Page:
This was the very last hunting week of the year – a special season for areas with way too many deer. No one hunted our land, but we heard lots of gunshots all around us.
I spent the weekend finishing dividing my prairie seeds and packing them into metal garbage cans so I could drive them up to the top of the hill before the snow got too deep.
Here I am dividing the seeds into bags.
I finally figured out that it’s much easier on my back if I raise the bags up so I don’t have to lean over them all the time. Mike helped me figure out how to get them all up, and gave me some boards to lay between the plastic bins.
I divided the field up into 67 sections this year. When I divided the seeds, I made 60 bags of mesic/dry prairie seeds, 5 bags of savanna seeds, and two bags with a mix that includes all of my unusual and special seeds. This special mix will be planted in two marked sections so it will be easier to find those plants without having to search over the whole 18 acres. The bags of savanna mix are for the 5 sections closest to the south end of the field, where the line of trees creates some shade. I also made one bag of fairly common, aggressive seeds to plant around the edge of the field where there are lots of weeds.
To divide up each kind of seed, I pour it out on an old wooden worktable, and divide it into piles. Then I push each pile into a bowl and divide it into the bags. Here are some of the piles, ready to be divided into the bags.
Finally, after I’ve divided all the seeds into the bags, I mix up the seeds in each bag. Here are some of the bags full of mixed seeds.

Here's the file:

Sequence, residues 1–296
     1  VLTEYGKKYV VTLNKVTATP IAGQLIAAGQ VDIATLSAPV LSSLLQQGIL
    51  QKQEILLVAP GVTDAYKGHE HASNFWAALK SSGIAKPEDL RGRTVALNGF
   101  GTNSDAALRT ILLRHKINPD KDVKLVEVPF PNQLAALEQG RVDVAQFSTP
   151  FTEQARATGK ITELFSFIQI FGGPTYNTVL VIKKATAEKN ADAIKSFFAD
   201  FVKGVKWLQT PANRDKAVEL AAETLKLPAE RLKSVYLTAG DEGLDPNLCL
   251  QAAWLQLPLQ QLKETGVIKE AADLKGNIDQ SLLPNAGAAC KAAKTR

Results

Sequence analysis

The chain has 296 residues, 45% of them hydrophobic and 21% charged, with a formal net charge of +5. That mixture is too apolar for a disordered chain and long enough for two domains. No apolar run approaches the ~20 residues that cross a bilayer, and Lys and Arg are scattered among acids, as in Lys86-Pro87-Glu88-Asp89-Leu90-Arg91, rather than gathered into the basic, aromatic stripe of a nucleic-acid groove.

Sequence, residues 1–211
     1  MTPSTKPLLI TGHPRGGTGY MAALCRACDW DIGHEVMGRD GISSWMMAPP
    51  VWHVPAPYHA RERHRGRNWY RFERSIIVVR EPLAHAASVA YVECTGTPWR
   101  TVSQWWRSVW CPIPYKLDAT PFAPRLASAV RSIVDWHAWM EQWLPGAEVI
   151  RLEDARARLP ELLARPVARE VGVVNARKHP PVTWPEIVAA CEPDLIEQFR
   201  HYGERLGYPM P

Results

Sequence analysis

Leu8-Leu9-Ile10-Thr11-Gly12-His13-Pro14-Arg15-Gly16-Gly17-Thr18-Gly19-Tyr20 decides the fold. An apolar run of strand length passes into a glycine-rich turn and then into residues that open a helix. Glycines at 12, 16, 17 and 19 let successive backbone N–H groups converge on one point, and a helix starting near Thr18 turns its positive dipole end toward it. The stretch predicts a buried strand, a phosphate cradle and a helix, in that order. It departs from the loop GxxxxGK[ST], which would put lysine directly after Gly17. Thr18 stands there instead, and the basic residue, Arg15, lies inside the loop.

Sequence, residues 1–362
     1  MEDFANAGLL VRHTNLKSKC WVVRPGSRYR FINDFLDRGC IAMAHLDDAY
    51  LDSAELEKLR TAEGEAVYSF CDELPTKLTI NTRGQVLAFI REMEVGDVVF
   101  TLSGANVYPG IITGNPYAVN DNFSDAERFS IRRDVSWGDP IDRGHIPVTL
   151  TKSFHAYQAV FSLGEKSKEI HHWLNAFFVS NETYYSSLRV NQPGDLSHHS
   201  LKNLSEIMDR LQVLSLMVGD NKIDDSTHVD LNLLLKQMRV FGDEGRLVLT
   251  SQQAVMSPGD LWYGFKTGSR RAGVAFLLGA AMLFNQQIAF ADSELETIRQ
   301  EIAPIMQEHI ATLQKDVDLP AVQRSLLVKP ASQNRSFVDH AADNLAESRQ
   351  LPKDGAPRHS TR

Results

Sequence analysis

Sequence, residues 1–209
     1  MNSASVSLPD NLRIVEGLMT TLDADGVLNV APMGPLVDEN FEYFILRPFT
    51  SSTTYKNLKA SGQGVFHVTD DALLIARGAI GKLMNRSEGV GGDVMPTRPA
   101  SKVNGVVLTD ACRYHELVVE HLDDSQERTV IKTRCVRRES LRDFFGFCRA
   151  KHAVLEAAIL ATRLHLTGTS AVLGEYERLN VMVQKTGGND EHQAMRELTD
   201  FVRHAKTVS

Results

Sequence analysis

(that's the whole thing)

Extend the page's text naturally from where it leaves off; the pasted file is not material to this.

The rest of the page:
Then I pack the bags into 4 metal garbage cans.
And wire the tops shut so the animals can’t get in.
On Monday, when the hunters were finished, I packed the cans into the gator and drove up the hill. Here I am with the loaded gator.
I was a little worried that the gator wouldn’t make it but it did. Now I know that I can drive through 5 inches of snow – and I didn’t even have to use 4-wheel drive.
I dropped off the cans along the field so I don’t have to walk very far to get more seeds while I’m planting. Here’s one can.
And here’s how 3 of them look lined up in the field.
It was so nice and warm (20 degrees) that I started planting and got 5 sections done. This is the way the seeds look in the snow.
The view from the top is very bleak in the winter, but still beautiful.
Later that day I walked up to the highest point on our land and explored. There are great views, and I found some a Hops vine, which has nice twining stems and seed pods that last into the winter.
I found some contradictory information about the origins of Hops. Some sources say that it’s native to North America, and some say it was introduced as a preservative and flavoring for beer.
The day after I did all this it started to snow and hasn’t stopped since. We got at least 8 more inches.